While I liked the issues the book presented, I just wasn’t wowed with it as a whole. I thought the friends story line was a bit predictable: he finally finds friends in a group of misfits, feels happier with them until they turn their backs on him and everything gets worse. I didn’t like the love story: Izzy struck me as a bit of a Manic Pixie Dream Girl and I don’t like the whole ‘love makes me feel better’ story line.

I still think this is a good read and the issues in it are something I’ve not read in YA before and would like to see more of. It was a bit like a We Need to Talk About Kevin for the YA audience and will definitely get you thinking.


Book Review: Nothing Tastes as Good (Claire Hennessy)

Publisher: Hot Key Books

Pages: 336

Release Date: July 14th 2016


Don’t call her a guardian angel. Annabel is dead – but she hasn’t completely gone away. Annabel immediately understands why her first assignment as a ghostly helper is to her old classmate: Julia is fat. And being fat makes you unhappy. Simple, right?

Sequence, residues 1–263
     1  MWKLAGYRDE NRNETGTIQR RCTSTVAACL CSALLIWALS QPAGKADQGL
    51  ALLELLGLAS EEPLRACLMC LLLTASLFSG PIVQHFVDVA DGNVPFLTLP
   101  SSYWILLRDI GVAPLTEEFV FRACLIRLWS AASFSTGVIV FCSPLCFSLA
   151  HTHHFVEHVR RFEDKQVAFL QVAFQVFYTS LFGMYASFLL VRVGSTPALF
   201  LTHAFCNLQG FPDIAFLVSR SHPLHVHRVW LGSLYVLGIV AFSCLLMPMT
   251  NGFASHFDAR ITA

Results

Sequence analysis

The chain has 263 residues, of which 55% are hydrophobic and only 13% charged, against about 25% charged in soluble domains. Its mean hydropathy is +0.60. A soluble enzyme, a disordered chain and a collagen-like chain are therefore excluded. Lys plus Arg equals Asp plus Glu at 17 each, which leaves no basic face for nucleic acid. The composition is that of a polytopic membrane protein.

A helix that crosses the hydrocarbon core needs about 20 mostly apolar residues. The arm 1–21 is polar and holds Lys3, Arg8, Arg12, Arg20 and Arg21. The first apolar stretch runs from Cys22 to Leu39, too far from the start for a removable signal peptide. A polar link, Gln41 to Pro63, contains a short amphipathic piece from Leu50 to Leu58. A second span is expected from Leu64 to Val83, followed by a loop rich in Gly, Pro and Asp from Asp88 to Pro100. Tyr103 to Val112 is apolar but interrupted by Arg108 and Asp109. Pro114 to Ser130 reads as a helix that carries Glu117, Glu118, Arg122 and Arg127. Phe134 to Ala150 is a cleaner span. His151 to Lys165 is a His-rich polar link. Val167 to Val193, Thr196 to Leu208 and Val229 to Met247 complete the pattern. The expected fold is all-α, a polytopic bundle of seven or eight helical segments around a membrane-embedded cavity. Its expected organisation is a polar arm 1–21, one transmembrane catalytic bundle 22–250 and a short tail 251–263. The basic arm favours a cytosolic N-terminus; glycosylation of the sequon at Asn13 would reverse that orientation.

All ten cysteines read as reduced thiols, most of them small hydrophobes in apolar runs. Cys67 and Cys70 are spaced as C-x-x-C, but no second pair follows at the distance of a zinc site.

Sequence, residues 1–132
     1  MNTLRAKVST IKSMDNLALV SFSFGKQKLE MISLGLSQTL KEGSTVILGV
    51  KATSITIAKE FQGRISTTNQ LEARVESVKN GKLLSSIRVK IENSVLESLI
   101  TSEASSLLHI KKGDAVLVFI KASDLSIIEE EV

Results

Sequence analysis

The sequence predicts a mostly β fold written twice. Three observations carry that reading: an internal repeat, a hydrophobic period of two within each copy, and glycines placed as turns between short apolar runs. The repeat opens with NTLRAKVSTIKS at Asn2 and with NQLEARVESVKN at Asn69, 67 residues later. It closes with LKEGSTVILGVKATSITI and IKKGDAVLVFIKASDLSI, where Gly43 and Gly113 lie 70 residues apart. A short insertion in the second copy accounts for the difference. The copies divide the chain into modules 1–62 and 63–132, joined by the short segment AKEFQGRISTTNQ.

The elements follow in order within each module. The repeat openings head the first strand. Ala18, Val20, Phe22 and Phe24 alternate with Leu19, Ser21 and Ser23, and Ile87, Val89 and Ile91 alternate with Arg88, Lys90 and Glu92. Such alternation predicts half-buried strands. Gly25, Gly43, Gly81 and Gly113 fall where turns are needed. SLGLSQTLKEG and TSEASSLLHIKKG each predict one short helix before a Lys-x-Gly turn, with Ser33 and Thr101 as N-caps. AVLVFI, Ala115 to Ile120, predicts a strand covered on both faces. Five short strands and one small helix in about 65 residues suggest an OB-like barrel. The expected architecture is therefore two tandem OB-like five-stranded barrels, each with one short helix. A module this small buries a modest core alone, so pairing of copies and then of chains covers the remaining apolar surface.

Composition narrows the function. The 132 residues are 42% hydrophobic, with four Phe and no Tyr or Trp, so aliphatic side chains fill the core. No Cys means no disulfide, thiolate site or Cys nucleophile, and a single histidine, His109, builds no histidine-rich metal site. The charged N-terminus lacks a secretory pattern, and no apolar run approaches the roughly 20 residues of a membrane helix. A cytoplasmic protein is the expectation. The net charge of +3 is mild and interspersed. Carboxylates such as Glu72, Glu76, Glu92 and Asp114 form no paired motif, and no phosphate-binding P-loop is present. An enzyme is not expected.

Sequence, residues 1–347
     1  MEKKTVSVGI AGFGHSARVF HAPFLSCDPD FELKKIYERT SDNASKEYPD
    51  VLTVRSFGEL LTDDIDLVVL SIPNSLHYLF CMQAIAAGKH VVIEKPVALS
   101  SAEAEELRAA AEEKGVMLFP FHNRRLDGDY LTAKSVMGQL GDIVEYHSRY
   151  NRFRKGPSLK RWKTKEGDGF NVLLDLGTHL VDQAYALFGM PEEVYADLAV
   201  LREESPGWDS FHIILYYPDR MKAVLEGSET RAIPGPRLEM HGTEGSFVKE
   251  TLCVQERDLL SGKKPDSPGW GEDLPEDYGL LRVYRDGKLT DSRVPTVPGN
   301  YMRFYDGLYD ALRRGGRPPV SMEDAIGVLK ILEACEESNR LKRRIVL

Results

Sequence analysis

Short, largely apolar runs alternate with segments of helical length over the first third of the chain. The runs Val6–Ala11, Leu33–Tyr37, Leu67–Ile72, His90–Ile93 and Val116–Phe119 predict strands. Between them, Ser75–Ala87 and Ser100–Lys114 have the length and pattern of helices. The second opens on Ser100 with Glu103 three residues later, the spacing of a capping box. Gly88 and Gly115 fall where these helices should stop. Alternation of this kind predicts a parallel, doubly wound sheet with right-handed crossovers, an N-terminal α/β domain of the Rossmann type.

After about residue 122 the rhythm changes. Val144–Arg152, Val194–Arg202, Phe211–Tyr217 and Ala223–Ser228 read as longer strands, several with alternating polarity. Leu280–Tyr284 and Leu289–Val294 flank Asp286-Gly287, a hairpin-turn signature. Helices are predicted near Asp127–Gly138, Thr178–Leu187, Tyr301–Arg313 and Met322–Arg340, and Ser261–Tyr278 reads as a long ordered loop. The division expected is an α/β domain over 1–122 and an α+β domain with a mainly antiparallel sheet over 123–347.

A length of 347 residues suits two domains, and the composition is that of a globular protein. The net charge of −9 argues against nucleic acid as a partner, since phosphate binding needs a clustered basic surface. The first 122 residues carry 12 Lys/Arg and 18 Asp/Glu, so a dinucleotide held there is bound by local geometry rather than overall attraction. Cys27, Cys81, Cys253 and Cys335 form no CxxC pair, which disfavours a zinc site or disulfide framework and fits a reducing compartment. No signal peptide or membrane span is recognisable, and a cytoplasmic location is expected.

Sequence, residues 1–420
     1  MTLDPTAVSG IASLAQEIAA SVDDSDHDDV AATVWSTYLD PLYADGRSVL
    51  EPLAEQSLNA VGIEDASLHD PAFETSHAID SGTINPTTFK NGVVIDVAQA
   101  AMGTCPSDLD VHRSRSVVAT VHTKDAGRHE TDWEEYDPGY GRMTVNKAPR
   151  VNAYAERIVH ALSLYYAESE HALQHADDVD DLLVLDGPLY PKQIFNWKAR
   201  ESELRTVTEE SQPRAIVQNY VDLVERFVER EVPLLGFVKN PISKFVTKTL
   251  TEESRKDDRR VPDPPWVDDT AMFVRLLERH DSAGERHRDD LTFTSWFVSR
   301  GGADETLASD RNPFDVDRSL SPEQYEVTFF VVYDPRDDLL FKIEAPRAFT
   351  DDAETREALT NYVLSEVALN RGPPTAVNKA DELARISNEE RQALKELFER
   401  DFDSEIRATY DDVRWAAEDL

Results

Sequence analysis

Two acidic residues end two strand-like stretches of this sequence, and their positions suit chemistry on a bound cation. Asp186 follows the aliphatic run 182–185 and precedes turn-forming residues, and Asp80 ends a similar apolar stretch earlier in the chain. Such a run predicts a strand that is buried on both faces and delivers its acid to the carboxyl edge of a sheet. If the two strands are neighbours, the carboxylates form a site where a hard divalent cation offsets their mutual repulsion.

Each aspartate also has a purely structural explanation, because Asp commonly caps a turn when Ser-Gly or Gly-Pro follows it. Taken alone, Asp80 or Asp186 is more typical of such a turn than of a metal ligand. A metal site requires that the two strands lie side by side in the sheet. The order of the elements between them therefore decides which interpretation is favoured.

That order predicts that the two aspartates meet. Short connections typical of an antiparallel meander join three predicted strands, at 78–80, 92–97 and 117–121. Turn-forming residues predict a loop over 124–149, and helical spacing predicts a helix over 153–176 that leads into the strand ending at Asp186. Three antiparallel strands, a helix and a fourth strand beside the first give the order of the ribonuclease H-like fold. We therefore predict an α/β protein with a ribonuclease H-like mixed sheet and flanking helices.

As Annabel shadows Julia’s life in the pressured final year of school, Julia gradually lets Annabel’s voice in, guiding her thoughts towards her body, food and control.

But nothing is as simple as it first seems. Spending time in Julia’s head seems to be having its own effect on Annabel . . . And she knows that once the voices take hold, it’s hard to ignore them.


This was a bit of a brutal read but I really enjoyed it. I’m not sure it would be suitable for someone with an eating disorder or who’s had problems with that kind of thing in the past: I found it a bit too close to the bone and worry it could be triggering for some.

Annabel is dead and to get a last message to her family, she has to help a soul in need. She’s been assigned to Julia and Annabel can see her problem straight away: she’s fat. But Annabel knows how to fix that and she uses all her tricks to get Julia thinking about food and weight the way she did when she was alive. But as her thoughts influence Julia, Julia’s own thoughts begin to change the way she thinks too.

It’s clear from the very beginning that both girls have problems with food and neither can see that at first. Although her eating disorder caused her heart to fail, Annabel is convinced she was in control and didn’t have a problem. Julia turns to food for comfort and to block out the hurt of the past. But she begins abusing food another way after Annabel’s attempts to ‘help’ her.